A fifth matter that one must fulfill in his belief in the angels is to have a strong love for them due to their obedience and worship of Allah. Furthermore, they declare the Oneness of Allah and fulfill His commands. They also have strong love and loyalty for the true believers in Allah. They pray to Allah on behalf of the believers and ask Allah to forgive them. They support them in both this life and the Hereafter.

An important aspect related to belief in the angels is that everyone must believe that he has with him at all times two angels that are recording his deeds. The following verses are in reference to those angels: “[Remember] that the two receivers [recording angels] receive [him], one sitting on the right and one on the left. Not a word does he utter, but there is a watcher by him ready [to record it]” (50:17-18).

There are many beneficial results that flow from a proper belief in angels. For example, knowing about the angels allows one to recognize the greatness of Allah and His Power. This great creation known as angels is an indication of the greatness of their Creator. Additionally, one should thank Allah for His extreme care and concern for humans. He has created these creatures to support the believers, protect them, record their deeds and other aspects which are beneficial to the believers.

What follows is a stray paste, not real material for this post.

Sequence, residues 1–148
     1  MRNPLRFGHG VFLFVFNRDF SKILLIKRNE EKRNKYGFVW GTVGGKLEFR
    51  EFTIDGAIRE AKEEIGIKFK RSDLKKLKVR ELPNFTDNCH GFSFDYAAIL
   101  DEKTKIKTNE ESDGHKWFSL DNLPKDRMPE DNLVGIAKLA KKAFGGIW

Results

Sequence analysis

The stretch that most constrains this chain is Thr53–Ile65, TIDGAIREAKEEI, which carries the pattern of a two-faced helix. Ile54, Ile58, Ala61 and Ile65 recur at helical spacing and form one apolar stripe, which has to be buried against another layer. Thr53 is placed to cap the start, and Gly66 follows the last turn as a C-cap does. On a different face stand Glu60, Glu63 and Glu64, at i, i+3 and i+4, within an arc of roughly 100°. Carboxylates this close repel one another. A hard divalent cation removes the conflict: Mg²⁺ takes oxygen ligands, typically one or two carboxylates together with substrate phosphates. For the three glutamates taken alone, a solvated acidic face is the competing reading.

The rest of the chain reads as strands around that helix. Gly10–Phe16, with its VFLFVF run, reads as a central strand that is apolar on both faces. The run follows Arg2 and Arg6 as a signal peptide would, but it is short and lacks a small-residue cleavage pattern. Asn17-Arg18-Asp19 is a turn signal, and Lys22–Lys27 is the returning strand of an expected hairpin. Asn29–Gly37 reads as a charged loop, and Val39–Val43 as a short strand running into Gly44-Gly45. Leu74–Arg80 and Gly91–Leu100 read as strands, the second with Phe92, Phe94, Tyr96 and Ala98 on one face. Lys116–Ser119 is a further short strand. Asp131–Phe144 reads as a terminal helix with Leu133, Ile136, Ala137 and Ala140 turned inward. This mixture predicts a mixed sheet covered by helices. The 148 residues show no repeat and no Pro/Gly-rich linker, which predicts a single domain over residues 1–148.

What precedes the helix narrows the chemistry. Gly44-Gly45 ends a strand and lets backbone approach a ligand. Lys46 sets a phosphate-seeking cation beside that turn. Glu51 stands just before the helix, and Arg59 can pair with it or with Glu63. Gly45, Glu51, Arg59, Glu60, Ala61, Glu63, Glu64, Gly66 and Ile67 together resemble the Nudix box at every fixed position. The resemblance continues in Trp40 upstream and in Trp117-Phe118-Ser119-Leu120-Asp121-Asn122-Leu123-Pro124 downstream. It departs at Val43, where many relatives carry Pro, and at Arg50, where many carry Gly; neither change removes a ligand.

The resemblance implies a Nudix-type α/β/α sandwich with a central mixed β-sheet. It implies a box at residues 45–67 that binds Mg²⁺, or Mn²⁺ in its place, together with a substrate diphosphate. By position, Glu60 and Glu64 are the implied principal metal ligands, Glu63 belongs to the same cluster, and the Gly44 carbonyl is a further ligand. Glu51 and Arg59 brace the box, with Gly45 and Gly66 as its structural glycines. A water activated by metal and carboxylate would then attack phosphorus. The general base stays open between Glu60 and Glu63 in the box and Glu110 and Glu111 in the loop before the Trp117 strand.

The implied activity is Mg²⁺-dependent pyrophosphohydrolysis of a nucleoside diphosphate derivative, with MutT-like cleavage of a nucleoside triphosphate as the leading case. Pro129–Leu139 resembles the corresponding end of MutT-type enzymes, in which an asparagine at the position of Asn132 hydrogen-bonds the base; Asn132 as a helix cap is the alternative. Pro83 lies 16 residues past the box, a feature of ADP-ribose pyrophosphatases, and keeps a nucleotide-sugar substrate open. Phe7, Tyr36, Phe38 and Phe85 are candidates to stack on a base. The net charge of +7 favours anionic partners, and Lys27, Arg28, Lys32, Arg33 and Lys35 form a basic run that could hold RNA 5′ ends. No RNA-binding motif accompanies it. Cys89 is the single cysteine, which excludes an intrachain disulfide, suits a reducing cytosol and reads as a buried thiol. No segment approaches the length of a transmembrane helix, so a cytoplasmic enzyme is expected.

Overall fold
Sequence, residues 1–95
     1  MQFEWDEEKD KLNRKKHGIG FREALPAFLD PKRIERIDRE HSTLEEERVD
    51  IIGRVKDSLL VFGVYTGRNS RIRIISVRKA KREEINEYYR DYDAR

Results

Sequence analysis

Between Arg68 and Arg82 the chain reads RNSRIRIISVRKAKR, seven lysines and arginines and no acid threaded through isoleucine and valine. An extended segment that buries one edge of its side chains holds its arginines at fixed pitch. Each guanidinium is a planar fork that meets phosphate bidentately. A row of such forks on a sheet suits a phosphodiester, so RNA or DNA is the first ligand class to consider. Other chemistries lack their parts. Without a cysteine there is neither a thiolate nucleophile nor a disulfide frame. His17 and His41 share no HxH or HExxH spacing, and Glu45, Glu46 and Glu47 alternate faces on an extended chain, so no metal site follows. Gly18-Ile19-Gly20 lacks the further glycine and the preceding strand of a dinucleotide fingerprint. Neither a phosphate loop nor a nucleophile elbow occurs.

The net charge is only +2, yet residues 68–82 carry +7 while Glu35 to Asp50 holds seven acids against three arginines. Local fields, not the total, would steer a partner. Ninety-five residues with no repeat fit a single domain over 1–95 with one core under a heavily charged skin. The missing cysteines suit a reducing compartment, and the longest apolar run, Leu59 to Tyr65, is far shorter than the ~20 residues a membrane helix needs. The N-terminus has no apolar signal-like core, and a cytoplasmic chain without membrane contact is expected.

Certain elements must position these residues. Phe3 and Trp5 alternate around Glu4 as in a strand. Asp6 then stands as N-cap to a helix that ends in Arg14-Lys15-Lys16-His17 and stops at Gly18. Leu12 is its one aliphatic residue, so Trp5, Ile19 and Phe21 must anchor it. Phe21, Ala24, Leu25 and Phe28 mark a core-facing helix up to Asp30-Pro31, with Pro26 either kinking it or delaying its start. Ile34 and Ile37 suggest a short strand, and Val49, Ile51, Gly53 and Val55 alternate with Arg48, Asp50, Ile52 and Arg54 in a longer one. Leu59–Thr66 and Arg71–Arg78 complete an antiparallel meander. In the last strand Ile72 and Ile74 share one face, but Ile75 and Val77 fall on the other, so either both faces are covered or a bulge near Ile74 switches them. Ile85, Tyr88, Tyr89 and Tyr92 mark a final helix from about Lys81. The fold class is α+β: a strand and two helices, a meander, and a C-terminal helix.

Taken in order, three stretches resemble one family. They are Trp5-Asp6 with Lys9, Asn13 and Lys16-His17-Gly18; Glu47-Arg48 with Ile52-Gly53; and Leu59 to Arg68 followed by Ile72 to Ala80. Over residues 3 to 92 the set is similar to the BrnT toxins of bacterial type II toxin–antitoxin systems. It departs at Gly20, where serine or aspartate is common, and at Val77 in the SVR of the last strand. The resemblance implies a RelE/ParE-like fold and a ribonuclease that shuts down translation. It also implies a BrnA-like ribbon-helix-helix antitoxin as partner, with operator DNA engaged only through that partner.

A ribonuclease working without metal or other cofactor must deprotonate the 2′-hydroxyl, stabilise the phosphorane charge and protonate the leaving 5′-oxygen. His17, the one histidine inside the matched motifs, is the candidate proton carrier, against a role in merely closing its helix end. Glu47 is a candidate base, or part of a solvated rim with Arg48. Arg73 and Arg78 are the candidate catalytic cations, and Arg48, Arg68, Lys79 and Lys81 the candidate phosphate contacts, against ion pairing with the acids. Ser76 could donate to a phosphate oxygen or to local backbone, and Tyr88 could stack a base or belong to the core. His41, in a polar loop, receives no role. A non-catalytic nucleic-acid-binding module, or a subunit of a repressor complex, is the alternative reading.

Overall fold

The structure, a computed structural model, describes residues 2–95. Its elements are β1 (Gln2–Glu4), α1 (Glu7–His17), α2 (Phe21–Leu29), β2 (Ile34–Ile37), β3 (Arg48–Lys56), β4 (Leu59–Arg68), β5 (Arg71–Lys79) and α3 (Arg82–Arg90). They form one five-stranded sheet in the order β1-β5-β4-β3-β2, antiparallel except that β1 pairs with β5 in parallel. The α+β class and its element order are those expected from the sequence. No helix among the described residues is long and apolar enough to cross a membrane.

However, a believer’s belief in the angels goes much beyond that. The believer knows that the angels are noble creatures who support and aid whatever is true and just. Therefore, whenever the believer decides to perform a good deed, stand up for the truth and sacrifice for what is right, he knows that there are creatures in this world who are going to support him and help him in his cause, like the angels supported and helped the believers in the time of the Prophet (peace and blessings of Allah be upon him). In fact, such is promised from Allah, as the following verses from soorah ali-Imraan indicate: “Allah had helped you at Badr, when you were a contemptible little force; then fear Allah. Thus may you show your gratitude. Remember when you said to the believers, ‘Is it not enough for you that Allah should help you with three thousand angels (specially) sent down? Indeed, if ye remain firm, and act aright, even if the enemy should rush here on you in hot haste, your Lord would help you with five thousand angels making a terrific onslaught’ (3:123-125).

The angels even ask for the believer’s forgiveness and pray on behalf of the believer. Allah says in the Quran, “He it is Who sends blessings on you, as do His angels, that He may bring you out from the depths of darkness into light: and He is full of mercy to the believers” (33: 43).

152 Salaam, p. 104.

153 Cf., Ibn Uthaimeen, Sharh Usool al-Imaan, pp. 27-28. “Cf.,” is used implying that the points are from ibn Uthaimeen but the discussion and explanation is not necessarily from his writing.

154 Muhammad ibn Uthaimeen, Majmuat Fatawa wa Rasaa’il Fadeelat al-Shaikh Muhammad ibn Salih al-Uthaimeen (Riyadh: Dar al-Watan, 1413 A.H.), vol. 3, pp. 160-161.